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Bullying In Canada: Provinces Draw Different Lines Between Abuse And Hurt Feelings

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Provinces introducing laws to crack down on school bullies are taking different approaches as they decide where to draw the line between chronic abuse and a one-time insult or slight. (Alamy) | alamy

WINNIPEG - Provinces introducing laws to crack down on school bullies are taking different approaches as they decide where to draw the line between chronic abuse and a one-time insult or slight.

There are also questions, as in Manitoba, as to whether legislation will have any effect. That province's proposed law does not require principals to hand down specific penalties or even report bullying to parents or authorities.

The rush to rein in bullies across the country is partly in response to the suicide last year of Amanda Todd, a British Columbia girl who was tormented online after being sexually exploited.

But what is the most effective definition?

Ontario's law, passed last year, defines bullying as causing — or intending to cause — physical or emotional harm, causing damage to another student's property, placing that pupil in reasonable fear of harm or creating a hostile environment at school.

In Quebec, bullying must be repeated direct or indirect behaviour involving a power imbalance which causes distress and "injures, hurts, oppresses, intimidates or ostracizes."

In Manitoba, the definition under a bill now before the legislature is broad enough to include a single intent to cause hurt feelings. The province's education minister says the wording is deliberate.

"We really wanted to make sure that we captured, in the definition ... negative intent. We're very comfortable with this definition," Nancy Allan said.

But the definition is so general, it could make bullies out of any student, argue the Opposition Progressive Conservatives.

"It's so vague ... that it will either be unenforceable or enforced arbitrarily," said education critic Kelvin Goertzen.

"It's going to make bullies out of a whole lot of people ... including teachers and volunteers."

For example, Goertzen fears teachers could end up getting questioned for disciplining a student or a coach could be criticized for suggesting a player was not doing well.

The public debate over Manitoba's proposed law has focused on a separate clause that requires schools to allow students to set up gay-straight alliances if the students want to. Some religious leaders say it's an infringement on the freedom of religion, because their private schools would be required to accommodate student groups that run contrary to their beliefs.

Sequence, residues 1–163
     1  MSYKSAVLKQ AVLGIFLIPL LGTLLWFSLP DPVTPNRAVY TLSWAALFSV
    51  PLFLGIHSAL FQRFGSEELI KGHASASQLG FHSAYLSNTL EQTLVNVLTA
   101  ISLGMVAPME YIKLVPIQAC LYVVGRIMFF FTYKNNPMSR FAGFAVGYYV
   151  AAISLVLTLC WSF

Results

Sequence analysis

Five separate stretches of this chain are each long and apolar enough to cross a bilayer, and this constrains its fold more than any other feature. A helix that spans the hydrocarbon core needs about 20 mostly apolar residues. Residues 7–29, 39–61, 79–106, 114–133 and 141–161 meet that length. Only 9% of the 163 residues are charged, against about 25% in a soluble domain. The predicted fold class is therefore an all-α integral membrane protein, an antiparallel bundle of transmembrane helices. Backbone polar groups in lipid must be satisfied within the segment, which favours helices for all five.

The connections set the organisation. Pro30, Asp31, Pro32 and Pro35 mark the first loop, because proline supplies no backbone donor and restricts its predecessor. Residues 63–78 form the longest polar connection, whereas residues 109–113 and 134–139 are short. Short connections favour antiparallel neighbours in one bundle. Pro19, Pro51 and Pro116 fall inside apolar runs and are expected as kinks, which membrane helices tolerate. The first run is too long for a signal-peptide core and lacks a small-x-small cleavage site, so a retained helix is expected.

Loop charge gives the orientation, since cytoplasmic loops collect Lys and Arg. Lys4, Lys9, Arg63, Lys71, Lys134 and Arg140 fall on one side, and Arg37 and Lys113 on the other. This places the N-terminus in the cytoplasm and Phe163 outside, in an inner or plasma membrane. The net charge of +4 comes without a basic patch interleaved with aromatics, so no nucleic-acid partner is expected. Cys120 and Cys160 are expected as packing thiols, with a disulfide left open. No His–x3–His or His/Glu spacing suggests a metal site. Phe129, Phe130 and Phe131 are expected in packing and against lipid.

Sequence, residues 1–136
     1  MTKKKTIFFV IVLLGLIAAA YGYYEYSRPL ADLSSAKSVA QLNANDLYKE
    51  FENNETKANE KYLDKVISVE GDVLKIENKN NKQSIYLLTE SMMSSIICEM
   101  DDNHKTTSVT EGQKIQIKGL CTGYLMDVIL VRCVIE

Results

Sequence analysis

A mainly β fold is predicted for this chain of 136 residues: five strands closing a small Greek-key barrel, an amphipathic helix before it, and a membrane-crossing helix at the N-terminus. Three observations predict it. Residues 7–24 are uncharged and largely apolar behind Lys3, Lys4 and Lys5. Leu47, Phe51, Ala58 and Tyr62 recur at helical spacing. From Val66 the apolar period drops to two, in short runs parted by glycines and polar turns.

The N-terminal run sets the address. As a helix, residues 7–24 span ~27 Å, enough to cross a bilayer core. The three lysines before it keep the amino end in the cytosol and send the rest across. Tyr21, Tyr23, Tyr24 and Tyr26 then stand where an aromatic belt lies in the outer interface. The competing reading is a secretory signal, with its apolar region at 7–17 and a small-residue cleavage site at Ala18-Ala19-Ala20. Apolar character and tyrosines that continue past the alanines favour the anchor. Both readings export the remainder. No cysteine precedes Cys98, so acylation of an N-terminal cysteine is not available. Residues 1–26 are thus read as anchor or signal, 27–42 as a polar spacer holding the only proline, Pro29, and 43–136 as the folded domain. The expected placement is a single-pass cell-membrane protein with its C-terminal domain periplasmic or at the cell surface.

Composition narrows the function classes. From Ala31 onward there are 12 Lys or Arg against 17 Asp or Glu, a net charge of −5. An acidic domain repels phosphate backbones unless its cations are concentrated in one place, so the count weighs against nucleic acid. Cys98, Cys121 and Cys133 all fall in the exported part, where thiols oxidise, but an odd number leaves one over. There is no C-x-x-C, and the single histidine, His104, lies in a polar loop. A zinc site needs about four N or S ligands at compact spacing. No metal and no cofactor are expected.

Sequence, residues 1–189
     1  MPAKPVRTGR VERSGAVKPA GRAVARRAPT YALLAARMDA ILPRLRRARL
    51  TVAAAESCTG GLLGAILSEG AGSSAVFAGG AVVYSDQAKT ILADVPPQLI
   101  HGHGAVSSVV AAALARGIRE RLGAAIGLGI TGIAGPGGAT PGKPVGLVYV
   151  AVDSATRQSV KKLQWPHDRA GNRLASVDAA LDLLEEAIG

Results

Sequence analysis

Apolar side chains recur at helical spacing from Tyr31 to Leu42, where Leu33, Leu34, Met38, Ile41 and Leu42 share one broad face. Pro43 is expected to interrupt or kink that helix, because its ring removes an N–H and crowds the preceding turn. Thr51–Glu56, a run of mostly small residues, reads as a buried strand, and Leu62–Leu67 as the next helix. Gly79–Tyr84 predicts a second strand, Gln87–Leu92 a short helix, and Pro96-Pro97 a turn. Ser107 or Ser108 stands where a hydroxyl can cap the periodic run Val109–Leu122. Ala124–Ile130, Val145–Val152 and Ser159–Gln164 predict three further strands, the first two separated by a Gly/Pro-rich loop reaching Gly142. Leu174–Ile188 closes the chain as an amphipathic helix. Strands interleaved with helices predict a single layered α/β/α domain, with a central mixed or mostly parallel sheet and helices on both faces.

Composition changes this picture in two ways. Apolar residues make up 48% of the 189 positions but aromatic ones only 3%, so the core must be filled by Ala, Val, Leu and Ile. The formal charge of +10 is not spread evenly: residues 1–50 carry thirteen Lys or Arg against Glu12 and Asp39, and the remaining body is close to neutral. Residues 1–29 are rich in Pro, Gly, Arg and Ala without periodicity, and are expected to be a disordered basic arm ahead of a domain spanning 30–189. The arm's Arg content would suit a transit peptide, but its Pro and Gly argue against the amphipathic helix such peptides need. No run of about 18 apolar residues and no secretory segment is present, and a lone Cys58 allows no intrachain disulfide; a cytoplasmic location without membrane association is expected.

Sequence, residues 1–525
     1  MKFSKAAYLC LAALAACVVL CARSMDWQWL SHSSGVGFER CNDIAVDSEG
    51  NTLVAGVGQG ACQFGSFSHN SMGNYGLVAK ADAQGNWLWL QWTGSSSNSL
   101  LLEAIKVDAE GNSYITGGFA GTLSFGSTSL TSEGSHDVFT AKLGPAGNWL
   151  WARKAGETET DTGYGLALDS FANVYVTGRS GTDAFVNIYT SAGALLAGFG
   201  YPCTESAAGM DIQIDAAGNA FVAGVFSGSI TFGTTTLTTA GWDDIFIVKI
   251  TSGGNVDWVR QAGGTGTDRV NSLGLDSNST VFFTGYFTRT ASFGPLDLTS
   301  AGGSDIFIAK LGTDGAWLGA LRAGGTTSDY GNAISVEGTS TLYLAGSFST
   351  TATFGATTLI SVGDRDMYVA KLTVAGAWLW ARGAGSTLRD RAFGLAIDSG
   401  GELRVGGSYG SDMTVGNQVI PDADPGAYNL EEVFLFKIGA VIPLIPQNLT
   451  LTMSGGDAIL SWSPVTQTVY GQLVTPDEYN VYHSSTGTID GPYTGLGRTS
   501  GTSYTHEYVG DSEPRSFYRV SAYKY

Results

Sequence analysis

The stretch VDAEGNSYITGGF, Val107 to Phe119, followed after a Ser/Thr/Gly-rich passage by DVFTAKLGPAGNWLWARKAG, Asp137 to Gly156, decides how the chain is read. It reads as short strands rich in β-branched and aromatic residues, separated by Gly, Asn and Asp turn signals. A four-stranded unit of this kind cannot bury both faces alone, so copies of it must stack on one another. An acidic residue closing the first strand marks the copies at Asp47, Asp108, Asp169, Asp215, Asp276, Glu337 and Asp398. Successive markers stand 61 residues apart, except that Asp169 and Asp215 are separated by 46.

Goertzen said the issues that have not garnered as much attention, such as the definition of bullying, are also problematic.

The bill defines bullying as behaviour that "is intended to cause, or should be known to cause, fear, intimidation, humiliation, distress or other forms of harm to another person's body, feelings, self-esteem, reputation or property."

Creating a negative school environment for someone else would also qualify as bullying and the act could be either repeated or occur once.

The same language has recently been adopted by Nova Scotia's NDP government.

The wording is broad partly so that school principals and others could use their own experience and knowledge to address bullying, Allan said.

The proposed law would also give school officials the authority to determine what, if any, punishment should be handed down. There are no consequences specified in the bill.

"We are going to rely on the professionals in our public education system to make a determination in regards to what that specific incident and what those consequences look like," Allan said.

"They're the ones that know their schools ... they know the family circumstances of those young people."

Manitoba schools are already required to have codes of conduct that outline an array of consequences for bullying and other problems, but what those consequences should be is left up to the school.

Goertzen says the anti-bullying proposal's vague definition and lack of a mandatory penalty make it "one of the weakest in North America." He says the reporting requirements are also lax as teachers are required to tell their principals, but the bill goes no further than that.

Debate has become so polarized, largely due to the gay-straight alliance clause, that neither side appears ready to give an inch. Allan said Tory concerns over the definition of bullying are just a "smokescreen" for their religious opposition to the bill. The Tories counter that Allan is more concerned with optics than with passing a law that will work.

Goertzen says he has heard from many school officials who share his concerns, and a group of independent schools has expressed worries as well. About 1,200 people attended a recent meeting in Steinbach, the city Goertzen represents in the legislature, to air their opposition to the bill.

A group that represents schools, parent councils and others in promoting school safety is supporting the proposed law.

"I don't believe that it's problematic," said Mary Hall, director of Safe Schools Manitoba, a provincially funded body set up with support from the Manitoba School Boards Association.

"It makes sense for the principal to exercise discretion because the bullying that might occur between primary school children will differ from high school. You may have a child where perhaps it's an age or maturity issue. Is there a prolonged pattern of bullying or did it happen a few times?

"So the principals are encouraged to look at all these different factors and then determine the best consequence in that particular situation."

The bill is expected to become law by mid-June, but it must first undergo public hearings before a legislature committee.

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